An underlying topic for me for the last three years has been a high respect and love for Catholic writers. Dante obviously, if anyone has kept up with the blog. But Walker Percy and Graham Greene. I haven’t read anything by Graham Greene until this week.
What I especially love about these three authors is the awareness of the human heart, intellect and will. It is weak, wounded, and treacherous, and mostly disordered. Human being’s capacity for sin is unchanging. It is the same as it has ever been.
The book I am currently reading is an almost exact reflection and retelling of recent events that have occurred. What I have learned is that every human being is similar. We are mysteries in that we don’t fully understand the inworkings of heart, mind, soul, spirit, brain and body. But the simple reality of the human being is disordered, distorted loves. Harm toward others, intentional or unintentional. Our wills weak. We are wounded beings.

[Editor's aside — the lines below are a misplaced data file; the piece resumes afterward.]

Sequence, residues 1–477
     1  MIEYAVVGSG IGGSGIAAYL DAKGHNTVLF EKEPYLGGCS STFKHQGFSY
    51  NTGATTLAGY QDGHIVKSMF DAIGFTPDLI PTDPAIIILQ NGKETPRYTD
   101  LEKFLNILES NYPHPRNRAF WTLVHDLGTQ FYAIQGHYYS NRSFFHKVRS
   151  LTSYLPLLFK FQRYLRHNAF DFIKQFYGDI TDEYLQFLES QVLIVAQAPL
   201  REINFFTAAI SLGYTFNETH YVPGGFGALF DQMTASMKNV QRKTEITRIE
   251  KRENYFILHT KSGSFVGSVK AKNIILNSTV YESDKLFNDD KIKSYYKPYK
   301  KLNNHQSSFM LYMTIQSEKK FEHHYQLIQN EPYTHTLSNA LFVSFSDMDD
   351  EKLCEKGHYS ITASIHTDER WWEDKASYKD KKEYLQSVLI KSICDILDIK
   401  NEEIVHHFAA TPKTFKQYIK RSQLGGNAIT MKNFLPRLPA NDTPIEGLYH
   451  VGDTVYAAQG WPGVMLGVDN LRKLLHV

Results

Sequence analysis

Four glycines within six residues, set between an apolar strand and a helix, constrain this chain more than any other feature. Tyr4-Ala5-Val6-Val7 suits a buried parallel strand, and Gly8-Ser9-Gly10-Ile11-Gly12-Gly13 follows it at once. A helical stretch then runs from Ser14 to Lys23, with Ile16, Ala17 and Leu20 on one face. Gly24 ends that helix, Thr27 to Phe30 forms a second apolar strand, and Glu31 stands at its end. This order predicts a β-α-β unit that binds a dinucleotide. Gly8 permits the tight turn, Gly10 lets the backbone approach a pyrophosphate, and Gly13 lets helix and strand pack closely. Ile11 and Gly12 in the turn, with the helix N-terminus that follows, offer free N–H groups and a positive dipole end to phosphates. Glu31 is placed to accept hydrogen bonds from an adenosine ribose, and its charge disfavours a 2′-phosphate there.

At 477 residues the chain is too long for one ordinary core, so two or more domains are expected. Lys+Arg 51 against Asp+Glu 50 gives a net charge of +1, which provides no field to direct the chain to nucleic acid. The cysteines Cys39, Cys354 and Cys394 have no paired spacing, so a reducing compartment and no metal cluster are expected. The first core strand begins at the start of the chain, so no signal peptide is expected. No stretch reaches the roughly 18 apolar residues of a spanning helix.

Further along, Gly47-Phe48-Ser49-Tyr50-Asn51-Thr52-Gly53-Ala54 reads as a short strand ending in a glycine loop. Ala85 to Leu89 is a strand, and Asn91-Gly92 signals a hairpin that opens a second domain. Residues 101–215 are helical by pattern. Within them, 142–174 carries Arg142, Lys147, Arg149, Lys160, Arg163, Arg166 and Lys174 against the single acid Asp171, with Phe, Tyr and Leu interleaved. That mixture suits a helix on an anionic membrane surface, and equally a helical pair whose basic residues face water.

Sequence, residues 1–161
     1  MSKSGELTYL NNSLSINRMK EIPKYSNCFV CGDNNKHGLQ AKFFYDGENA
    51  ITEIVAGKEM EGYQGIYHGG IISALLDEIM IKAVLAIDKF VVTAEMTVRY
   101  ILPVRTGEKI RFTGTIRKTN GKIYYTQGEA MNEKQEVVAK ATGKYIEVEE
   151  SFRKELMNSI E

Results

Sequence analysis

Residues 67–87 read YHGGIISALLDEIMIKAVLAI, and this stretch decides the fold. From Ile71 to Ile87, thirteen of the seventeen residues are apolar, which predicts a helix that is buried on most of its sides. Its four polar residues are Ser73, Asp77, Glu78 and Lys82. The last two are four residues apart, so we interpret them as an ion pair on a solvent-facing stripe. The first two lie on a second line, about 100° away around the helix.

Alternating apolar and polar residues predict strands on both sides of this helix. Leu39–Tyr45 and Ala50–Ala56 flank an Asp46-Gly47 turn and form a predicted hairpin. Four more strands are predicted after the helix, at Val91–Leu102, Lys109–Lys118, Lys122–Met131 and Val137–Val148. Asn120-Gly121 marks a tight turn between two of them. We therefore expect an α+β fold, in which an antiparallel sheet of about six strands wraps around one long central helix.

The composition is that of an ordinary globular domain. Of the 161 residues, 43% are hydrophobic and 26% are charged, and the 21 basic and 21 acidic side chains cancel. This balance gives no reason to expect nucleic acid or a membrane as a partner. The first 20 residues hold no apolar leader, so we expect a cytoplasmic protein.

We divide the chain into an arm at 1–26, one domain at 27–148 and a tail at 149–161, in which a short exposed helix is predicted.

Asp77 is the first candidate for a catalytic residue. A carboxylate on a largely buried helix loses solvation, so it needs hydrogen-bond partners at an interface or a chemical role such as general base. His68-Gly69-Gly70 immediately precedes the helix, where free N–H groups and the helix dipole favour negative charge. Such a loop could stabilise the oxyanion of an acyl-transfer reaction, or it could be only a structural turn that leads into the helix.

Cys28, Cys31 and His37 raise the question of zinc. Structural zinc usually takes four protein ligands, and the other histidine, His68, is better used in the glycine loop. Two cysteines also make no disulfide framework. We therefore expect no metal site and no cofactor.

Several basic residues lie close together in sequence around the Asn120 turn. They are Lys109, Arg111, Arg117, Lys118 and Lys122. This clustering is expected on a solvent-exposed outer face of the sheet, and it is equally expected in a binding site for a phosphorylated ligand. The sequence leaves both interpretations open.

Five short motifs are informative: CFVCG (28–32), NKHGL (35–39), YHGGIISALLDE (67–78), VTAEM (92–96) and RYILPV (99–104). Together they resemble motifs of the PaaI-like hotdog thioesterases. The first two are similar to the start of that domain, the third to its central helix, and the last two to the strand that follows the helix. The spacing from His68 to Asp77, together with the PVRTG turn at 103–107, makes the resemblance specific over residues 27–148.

But a writer only writes truth–well, a good writer anyway. But the beauty of Catholic writers is the reality of hope. Not a wish that all will be well. But the hope that people, a person will be redeemed, though he or she fall no matter how painfully or how far. Redemption is going back to the beginning as Professor Mazzotta has pointed out. What is the beginning? Well, the return to things before sin–the Edenic return. That is more eschatological. But in the temporal, it’s a return to following Christ–returning to following the will of God.
This is what the Divine Comedy is about, what Walker Percy writes about and Grahame Greene. A conviction to return to the One who forever haunts us. Who we see everywhere but choose to ignore or delay in returning to. Augustine said, “Make me holy, but not yet.”
But God will have His way or we will. I suppose it depends on our will and Providence.